Watch Dr Andrew Fenning accept the research grant award and hear a bit about the project.
Repetitive mild traumatic brain injury (rmTBI) or concussion trauma, accounts for the majority of TBI cases worldwide and is currently a major focus in the public consciousness around many of our sporting codes. Its effects are far-reaching and include populations such as military personnel, domestic violence victims and athletes of contact-based sports. There is now an established link between rmTBI and the susceptibility for acquiring chronic traumatic encephalopathy (CTE), a longer term, more severe neurological disorder characterised by scarring, remodelling and plaque formation within the brain. Despite this, a clear understanding of how CTE develops from rmTBI is yet to be conclusively identified, and effective treatments for those suffering from or at risk of developing CTE are not available.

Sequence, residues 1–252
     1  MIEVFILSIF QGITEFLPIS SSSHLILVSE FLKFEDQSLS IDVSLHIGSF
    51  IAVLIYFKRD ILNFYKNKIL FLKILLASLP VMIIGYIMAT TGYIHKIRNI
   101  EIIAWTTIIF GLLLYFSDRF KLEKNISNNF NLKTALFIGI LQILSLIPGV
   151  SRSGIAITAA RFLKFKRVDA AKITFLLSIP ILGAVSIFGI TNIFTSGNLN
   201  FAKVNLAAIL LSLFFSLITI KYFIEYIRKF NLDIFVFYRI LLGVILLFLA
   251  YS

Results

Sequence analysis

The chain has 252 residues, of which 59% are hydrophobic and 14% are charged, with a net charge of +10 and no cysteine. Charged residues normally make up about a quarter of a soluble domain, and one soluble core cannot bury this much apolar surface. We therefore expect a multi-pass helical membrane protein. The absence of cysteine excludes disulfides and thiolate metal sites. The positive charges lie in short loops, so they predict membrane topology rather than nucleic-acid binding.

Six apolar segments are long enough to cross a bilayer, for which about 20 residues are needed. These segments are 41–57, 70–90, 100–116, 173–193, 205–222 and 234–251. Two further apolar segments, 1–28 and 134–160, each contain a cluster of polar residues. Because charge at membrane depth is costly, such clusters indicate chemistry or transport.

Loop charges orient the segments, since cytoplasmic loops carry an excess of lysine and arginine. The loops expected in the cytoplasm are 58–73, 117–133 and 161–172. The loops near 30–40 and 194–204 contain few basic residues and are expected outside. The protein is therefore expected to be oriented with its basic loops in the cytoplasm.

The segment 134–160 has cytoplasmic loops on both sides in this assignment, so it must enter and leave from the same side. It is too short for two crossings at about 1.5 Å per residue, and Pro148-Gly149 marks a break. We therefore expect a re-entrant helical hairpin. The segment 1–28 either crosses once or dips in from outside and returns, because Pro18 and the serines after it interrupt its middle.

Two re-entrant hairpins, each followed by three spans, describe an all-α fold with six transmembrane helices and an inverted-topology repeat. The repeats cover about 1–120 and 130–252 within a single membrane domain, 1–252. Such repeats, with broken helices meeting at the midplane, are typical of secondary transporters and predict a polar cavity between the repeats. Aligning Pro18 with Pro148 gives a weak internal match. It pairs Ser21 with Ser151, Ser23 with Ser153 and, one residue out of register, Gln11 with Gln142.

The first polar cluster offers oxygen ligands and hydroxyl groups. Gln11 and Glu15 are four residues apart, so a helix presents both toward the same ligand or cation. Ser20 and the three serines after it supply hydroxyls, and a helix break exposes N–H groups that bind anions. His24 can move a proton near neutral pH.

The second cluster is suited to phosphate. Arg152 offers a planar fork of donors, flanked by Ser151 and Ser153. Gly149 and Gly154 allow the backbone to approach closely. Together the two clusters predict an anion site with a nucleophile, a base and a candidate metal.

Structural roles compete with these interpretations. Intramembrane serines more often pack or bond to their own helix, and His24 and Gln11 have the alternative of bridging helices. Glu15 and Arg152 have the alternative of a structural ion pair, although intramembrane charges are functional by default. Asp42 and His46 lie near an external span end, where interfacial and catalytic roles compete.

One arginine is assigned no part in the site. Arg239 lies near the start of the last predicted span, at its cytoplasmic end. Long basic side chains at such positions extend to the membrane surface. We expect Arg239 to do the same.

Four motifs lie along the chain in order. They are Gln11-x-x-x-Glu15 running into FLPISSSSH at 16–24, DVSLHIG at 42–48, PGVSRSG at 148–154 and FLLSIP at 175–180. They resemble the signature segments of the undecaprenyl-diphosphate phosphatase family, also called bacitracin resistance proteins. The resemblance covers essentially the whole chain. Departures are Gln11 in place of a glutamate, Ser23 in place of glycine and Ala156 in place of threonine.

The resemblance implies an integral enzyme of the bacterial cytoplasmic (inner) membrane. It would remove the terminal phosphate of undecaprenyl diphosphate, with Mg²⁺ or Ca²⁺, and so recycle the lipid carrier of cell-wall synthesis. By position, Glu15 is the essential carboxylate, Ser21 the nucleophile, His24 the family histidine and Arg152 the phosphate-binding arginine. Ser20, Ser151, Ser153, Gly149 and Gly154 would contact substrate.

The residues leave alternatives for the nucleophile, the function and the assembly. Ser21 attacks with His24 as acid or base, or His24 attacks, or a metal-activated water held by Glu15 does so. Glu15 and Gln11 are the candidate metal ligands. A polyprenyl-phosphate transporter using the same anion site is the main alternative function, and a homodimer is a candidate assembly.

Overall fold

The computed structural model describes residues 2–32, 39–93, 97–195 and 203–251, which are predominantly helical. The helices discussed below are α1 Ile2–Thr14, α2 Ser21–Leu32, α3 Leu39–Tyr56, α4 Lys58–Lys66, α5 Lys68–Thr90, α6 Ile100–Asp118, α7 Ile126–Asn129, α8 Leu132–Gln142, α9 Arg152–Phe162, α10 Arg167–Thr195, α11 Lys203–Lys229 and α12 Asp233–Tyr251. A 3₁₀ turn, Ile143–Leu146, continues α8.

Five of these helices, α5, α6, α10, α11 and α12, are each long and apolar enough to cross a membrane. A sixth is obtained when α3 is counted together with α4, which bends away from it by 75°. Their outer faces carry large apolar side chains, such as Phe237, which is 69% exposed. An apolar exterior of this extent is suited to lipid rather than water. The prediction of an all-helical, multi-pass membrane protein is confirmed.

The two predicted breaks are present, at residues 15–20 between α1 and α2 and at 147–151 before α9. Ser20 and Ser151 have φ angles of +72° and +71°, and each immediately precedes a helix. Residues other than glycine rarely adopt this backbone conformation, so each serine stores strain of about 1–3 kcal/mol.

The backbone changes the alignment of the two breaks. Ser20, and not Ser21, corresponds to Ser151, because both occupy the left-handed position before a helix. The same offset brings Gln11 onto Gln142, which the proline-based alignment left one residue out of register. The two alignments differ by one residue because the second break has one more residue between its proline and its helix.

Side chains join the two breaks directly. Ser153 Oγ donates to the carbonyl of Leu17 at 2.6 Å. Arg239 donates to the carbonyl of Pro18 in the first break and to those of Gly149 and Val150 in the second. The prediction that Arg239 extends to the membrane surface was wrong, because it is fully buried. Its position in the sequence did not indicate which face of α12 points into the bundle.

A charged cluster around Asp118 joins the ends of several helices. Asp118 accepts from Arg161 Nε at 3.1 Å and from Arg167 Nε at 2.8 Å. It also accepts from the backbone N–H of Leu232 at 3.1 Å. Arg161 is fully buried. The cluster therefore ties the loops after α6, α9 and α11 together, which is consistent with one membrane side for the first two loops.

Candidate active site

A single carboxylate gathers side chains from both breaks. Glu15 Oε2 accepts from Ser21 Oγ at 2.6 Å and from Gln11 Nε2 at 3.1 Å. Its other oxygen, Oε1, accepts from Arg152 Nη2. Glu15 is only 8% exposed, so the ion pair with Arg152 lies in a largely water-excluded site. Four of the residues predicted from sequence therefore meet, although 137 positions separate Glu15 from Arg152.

Our research, through the generous support of the Brain Foundation and their donor network, will enable our team to examine brain wide genetic changes following concussion trauma in a pre-clinical model. This analysis will allow us to identify key injury pathways which we can then treat with novel drugs such as rapamycin, berberine or guanidinoacetic acid to hopefully chart a course toward the development of further treatments for this debilitating condition. These drugs direct their action at cellular damage and encourage the brain cells to engage in cleaning and targeted repair processes. If these treatments prove successful, we will have a greater understanding of the how, where and why of concussion injury and avenues to prevent further damage.